Then consider that at time of printing all those years ago it was rushed through a busy photographic lab with near exhausted chemicals and the shortest possible washing times to clean said chemicals from the film and the paper. The quality of the film, the actual print and their processing, plus how the finished photographs are stored, make a radical difference to how long a print lasts before beginning to deteriorate significantly - and to what we can do to save them.
Many of the older images in the Thiakos Zissis collection have been affected by the years.Sunlight, chemical fumes and residues in the paper or negatives, humidity, chemicals, improper processing, fungus - all affect the coloured dyes that go to make up the actual image that we see.
As these dyes fade, initially the red and then the green and blue, the actual physical data that makes up the image disappears.
The image initially becomes dull and then colour-distorted as mid-tones and fine detail fade, and are eventually lost.
This damage is compounded if the initial quality of the image was poor due to a low quality camera, very small format negative stock or fast "grainy" films where the usually infinitesimal dots of red, green and blue that make up the image become large enough to be visible in the print.
400 ASA 110 format colour negative stock is a nightmare on this basis; and like a nightmare it seldom ends well.
A number of techniques exist to help repair or else perform damage limitation these problems once an image is scanned into a computer, a process complicated by special finishes on the paper such as matt or silk textures.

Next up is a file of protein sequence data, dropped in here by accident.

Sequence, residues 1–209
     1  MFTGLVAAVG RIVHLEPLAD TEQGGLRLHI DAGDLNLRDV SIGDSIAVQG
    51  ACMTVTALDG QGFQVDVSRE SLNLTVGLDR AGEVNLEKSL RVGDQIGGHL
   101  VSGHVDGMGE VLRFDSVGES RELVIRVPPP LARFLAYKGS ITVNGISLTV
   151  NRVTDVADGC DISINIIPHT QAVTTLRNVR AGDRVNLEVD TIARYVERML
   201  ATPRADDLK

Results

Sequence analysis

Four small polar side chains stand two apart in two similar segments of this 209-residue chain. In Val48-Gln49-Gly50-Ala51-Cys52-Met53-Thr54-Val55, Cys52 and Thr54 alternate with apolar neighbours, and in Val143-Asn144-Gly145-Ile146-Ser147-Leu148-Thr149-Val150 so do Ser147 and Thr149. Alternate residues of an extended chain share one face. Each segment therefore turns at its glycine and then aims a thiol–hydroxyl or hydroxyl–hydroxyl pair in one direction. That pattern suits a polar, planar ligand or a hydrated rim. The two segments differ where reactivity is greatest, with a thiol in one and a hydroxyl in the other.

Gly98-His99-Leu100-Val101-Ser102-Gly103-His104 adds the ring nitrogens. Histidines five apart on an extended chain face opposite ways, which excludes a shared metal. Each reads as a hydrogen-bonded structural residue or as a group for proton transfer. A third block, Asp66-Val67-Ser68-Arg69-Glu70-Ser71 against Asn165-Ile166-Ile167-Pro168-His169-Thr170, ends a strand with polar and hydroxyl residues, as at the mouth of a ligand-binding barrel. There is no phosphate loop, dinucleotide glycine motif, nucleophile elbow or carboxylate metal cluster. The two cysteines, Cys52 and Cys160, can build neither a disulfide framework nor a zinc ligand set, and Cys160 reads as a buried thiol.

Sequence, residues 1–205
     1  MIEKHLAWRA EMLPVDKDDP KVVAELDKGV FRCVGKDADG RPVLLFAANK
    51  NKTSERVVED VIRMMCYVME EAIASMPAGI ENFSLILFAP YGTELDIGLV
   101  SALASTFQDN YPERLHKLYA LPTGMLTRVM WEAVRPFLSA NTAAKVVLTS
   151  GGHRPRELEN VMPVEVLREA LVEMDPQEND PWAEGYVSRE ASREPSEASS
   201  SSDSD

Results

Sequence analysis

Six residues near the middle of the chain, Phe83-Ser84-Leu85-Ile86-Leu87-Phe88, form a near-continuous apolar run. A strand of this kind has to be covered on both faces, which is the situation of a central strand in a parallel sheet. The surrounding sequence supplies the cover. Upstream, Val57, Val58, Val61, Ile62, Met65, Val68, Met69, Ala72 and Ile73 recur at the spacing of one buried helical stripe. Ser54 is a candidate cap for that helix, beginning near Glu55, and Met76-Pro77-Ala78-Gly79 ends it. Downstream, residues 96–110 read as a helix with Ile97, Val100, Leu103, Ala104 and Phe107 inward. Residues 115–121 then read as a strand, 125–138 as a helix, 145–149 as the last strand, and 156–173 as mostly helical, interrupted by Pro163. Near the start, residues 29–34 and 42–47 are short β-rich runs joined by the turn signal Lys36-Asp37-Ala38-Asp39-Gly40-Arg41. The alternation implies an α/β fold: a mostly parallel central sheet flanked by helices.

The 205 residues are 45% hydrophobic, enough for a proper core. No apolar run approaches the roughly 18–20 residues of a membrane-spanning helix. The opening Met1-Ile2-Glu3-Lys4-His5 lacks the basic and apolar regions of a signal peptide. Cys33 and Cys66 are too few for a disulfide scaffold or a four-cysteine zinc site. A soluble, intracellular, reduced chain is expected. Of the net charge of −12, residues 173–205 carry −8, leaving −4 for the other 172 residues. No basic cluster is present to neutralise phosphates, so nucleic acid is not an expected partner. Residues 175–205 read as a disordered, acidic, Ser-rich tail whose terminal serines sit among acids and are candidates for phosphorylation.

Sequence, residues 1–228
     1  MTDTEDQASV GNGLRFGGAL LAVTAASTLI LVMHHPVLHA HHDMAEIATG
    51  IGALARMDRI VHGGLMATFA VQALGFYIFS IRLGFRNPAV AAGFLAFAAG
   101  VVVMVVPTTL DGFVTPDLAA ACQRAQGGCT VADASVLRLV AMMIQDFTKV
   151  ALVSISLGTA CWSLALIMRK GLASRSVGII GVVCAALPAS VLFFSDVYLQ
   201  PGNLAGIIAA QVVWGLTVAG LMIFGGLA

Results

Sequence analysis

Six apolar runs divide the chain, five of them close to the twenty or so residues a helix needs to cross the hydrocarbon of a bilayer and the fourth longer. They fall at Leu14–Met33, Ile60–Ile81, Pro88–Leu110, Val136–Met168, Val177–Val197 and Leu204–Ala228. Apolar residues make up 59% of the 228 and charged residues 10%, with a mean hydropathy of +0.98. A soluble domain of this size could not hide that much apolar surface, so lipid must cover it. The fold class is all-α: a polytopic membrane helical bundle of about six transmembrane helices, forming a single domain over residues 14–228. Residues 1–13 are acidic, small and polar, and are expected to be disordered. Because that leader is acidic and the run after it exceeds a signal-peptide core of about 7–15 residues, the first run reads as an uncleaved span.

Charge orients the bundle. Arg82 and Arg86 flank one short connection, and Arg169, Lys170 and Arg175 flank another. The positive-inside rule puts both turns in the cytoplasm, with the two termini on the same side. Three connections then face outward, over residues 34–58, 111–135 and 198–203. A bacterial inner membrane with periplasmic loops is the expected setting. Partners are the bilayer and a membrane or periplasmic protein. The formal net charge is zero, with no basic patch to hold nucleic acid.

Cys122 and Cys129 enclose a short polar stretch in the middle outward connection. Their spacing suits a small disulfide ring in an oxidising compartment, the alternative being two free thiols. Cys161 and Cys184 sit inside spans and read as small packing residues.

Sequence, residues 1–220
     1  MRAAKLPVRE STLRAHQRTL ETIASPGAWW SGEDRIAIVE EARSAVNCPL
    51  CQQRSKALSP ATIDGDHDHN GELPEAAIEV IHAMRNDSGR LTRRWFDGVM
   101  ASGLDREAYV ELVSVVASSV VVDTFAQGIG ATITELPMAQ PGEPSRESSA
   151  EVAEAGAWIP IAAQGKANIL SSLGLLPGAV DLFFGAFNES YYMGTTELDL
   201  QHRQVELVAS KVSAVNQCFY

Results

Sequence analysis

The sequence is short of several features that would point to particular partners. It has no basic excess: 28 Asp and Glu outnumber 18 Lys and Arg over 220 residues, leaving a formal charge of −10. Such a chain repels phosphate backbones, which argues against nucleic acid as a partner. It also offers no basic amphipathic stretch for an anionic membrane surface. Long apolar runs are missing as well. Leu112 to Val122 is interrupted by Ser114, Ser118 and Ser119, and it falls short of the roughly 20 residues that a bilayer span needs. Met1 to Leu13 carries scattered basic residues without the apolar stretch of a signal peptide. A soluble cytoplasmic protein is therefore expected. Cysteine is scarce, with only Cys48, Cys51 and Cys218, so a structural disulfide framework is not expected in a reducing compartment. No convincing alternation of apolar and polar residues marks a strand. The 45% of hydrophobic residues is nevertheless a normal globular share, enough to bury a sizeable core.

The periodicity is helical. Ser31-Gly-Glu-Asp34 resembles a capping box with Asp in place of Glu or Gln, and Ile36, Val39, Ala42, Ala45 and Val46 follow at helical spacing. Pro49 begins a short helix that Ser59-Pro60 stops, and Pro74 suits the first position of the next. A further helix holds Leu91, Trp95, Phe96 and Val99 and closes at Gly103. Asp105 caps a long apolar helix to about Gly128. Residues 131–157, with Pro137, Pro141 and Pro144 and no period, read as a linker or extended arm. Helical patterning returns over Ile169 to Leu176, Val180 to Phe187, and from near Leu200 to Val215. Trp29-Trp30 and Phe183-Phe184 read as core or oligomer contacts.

Once images are converted into digital data, correcting colour distortions and filling in missing tonal variations based on mathematical analysis of the image's colour and tonal composition can enhance what remains of the image.
In severely damaged cases tweaking these factors individually and manually is often the only way as the computer lacks enough valid colour data to analyse in order to make appropriate deductions.
All bearing in mind not all data can be extrapolated, if detail is gone - it is lost.
Using another technique the computer can be instructed to view a specific colour as "absolute white" (or black) and to adjust all other colours on the basis of that yardstick.
Once in a while this works well - but the results are much less successful if the image is too grainy to offer a reasonably flat area of colour to select or the distortion of the colours is not particularly uniform such as with a stained, unevenly faded or dirty images.
Our goal in the restoration of the Thiakos Zissis collection was to return the images as close as possible to "new" condition, or at least to enhance image clarity as much as was practical.
Dirt and dust have been "cleaned" from the images together with the occasional fingerprint.
Crooked horizons have been straightened where the photographer(s) were no doubt working under less than ideal circumstances and more extreme distortion by wide angle or poor quality lenses (pincushion and barrel distortion, fall-off of illumination, parallax distortion and poor focus) have been corrected as much as was practically possible.
Undoing the work of the years and the environment is not always completely achivable, but we have sought at least to reduce significantly their impact before the images deteriorate to the point where it becomes too late.
We hope the result is acceptable to you, the viewer.
No purely "cosmetic" changes have been made - litter has not been removed nor graffiti cleaned.
No objects have been added to the images at all - nor any removed that could not have walked out of the frame on their own, and that in just one case. If you can identify the image - let me know!
For the downloadable version of the presentation some loss of quality is unavoidable as the download is under 10 Megs and the CD ROM is over 350 Megs - economies must be made somewhere! For perfectionists, the CD ROM is recommended, or else the book itself.
Strangers to Cyprus may think the clear azure of the skies in some images and the deep blue of the sea is strongly suggestive of photographic tampering as it is just too clean and vivid to be true.
This is not the case.
Famagusta really is that beautiful.